How to handle price objections

by Steli Efti

hidden-in-disguise

When someone tells you your product is too expensive, it's not always about the price. A classic sales mantra is that if a prospect gives you the price is too high objection, you simply haven't communicated enough value. But oftentimes it's about something else altogether—and they simply use pricing as an easy way out. 

sales-negotiation

Here's how to handle price objections effectively in any sales scenario, uncover the real reason for the price objection, and overcome it effectively.

Here are the 7 most common reasons why prospects say the price is too high

  1. They don't have enough money.
  2. They have the money, but don't want to pay your price. They want to get a discount.
  3. They might not be interested generally, but don't want to say that.
  4. They might not like your product.
  5. They might not like your company.
  6. They might not like you.
  7. They might not be looking to buy a product like yours.
Basically every sales objection can be hidden behind the price objection. 

It's your responsibility as a salesperson to find out what the real issue is. To solve their problem, you must first know what it is.

How do you do that? You ask questions

  • "Are you trying to get the best possible deal?"
  • "Do you have budget constraints?"
  • "Is this not the right time?"
  • "Are there other reasons, honestly?"

Don't just take their answers for granted—read between the lines. If you have a feeling that they're not forthright and upfront, eventually you have to call them out:

"You know what, I have a feeling there's something else. Is there something deeper than that? Do you really love the product?"

If they insist it's about price, you can ask them:

You: "At which price would you buy?"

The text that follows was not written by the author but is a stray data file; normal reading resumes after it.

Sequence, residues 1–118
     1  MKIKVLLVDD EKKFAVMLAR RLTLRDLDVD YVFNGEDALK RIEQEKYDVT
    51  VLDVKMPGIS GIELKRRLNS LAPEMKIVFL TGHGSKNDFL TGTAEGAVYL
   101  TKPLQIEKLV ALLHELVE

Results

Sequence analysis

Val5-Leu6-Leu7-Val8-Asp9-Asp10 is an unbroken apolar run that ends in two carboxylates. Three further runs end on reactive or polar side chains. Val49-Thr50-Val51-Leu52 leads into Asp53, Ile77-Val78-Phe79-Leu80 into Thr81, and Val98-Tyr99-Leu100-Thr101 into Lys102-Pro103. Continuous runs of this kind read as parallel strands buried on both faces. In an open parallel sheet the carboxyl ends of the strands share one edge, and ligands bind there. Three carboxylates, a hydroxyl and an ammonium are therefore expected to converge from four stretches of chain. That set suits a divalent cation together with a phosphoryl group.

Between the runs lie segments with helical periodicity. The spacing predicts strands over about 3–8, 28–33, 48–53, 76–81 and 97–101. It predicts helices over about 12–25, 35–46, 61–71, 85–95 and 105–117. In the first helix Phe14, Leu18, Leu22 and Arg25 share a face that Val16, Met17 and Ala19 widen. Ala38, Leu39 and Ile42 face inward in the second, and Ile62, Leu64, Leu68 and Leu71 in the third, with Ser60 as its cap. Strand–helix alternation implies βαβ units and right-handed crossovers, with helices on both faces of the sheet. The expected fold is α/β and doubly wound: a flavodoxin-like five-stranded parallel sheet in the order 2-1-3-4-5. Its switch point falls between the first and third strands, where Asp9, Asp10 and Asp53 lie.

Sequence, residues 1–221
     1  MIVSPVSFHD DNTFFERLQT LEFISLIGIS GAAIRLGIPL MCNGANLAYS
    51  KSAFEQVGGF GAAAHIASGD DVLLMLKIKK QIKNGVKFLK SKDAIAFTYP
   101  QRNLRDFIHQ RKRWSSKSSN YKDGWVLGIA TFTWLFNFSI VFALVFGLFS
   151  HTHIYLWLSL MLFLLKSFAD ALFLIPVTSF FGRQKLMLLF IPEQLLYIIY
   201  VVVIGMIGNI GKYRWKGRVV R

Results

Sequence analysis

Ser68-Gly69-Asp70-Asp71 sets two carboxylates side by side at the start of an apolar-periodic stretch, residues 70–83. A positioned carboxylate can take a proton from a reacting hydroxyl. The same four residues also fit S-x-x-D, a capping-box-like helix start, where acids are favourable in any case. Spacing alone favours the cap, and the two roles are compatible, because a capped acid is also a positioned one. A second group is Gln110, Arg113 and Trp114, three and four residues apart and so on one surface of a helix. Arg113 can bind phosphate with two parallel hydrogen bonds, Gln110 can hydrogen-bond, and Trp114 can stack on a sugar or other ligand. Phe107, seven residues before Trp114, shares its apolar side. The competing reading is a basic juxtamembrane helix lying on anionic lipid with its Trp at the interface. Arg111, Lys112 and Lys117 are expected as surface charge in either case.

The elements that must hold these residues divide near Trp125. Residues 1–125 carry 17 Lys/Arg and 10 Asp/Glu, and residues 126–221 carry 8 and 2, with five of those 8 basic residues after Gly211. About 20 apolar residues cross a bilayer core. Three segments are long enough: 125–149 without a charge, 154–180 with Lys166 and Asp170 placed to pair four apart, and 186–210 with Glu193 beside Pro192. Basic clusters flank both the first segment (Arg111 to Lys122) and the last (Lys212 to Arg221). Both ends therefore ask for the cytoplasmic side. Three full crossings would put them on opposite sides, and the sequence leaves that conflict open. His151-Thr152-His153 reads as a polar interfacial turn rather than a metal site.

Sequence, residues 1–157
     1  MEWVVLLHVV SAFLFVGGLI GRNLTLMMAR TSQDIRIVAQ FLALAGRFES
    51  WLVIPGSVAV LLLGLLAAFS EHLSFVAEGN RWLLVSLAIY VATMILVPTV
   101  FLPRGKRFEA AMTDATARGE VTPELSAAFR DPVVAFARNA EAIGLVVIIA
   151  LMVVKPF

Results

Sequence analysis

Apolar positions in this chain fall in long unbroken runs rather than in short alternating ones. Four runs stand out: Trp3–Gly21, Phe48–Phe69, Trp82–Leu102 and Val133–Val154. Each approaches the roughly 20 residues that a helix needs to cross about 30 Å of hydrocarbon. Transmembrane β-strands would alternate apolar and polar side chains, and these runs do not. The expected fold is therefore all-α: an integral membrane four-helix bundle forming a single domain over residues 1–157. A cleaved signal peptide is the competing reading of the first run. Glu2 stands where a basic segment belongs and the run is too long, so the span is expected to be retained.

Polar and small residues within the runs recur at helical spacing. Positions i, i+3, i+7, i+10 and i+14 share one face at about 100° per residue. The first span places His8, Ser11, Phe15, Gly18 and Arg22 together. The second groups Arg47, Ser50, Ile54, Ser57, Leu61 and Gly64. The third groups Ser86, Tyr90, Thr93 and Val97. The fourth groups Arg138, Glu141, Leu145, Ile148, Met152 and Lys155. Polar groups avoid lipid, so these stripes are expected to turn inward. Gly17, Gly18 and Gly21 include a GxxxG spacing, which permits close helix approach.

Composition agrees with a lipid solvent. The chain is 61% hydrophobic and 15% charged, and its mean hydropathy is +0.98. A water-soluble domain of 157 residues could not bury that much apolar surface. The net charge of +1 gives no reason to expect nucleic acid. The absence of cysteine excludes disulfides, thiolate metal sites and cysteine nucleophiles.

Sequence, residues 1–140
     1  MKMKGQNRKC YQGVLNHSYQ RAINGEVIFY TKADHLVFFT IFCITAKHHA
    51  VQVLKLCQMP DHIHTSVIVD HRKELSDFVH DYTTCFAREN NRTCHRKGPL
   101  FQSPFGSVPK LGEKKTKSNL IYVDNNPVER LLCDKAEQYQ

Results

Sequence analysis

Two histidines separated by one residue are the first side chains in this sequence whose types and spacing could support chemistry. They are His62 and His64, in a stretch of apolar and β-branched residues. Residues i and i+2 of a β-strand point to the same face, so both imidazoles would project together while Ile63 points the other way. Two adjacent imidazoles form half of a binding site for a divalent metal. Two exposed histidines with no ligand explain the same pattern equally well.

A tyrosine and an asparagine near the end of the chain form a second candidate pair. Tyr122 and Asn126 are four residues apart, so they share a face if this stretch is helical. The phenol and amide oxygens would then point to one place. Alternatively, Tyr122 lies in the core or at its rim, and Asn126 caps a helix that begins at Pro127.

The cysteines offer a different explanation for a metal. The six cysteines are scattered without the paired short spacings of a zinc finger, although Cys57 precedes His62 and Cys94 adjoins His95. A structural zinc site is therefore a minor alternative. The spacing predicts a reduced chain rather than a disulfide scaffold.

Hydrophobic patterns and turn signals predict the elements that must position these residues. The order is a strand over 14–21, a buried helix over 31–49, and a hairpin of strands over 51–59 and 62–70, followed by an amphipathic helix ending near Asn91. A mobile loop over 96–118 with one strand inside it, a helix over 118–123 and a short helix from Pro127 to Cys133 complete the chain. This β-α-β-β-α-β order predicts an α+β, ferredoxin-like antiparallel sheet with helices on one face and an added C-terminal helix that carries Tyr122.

Prospect: "$1,500."

You: "If I could offer you this product at $1,500, would we have a deal? Would you buy right away?"

Prospect: "Yes, I'd buy right away." (Now you know it's really price)
OR Prospect: "Well, we'd then look into your safety features ..."

That's what I refer to as the virtual close. You essentially simulate the process that you need to go through with the process to arrive at a buying decision. This way, you can identify any red flags and deal breakers in advance, and pre-empt unforeseen surprises.

How do you handle the price objection when it's actually about the price?

When a prospect gives you the price is too high objection because they actually want or need a discount to buy, one of the best ways to handle it is to actually just postpone the negotiation, and just ask them to take the next step anyway.

I've shared this in detail in how to respond to discount requests.

Here's another piece of advice to heed: if you never receive the it's too expensive objection from prospective customers, then it's pretty sure that your price is too low, and you should consider raising prices. In fact, for SaaS startups, I often recommend that as a baseline, you should be losing about 20% of prospective customers because of the pricing objection.

Focus on ROI, not price

Sometimes your product might indeed come with a price tag. Encourage your prospect to not just look at the sticker price, but instead ask them to focus on the value your solution can provide for them.

If the prospect actually should become a customer, it shouldn't be that hard to help the prospect realize that the money they invest into buying your solution will eventually generate a much bigger return (and that it would almost be foolish not to buy).

Ask them how much it's worth to them

Just ask them: "How much would you be willing to spend?" This will shift the dynamic from them just objecting your price to you them actually committing to a price point. Now of course, they might still be bluffing, it could still be part of their negotiation strategy, they might just try to lowball you and see how you respond—but at least this puts the ball in their corner.

Ask them how much it would cost them to not buy

When they buy your product, they'll have to pay the price you agree upon. But not making a buying decision also has a price. 

Postponing to adopt a better solution comes with a cost. Let's take the case of our sales CRM—if we can demonstrate to a prospect that adopting our sales platform would help them generate $15k more in revenue per month than their sales team is generating with their current solution, every month where they stay on their old solution is essentially costing them $15k.

In our guide to sales negotiation, you get much more advice on not just price objection handling, but also many other aspects of negotiating and closing sales deals.

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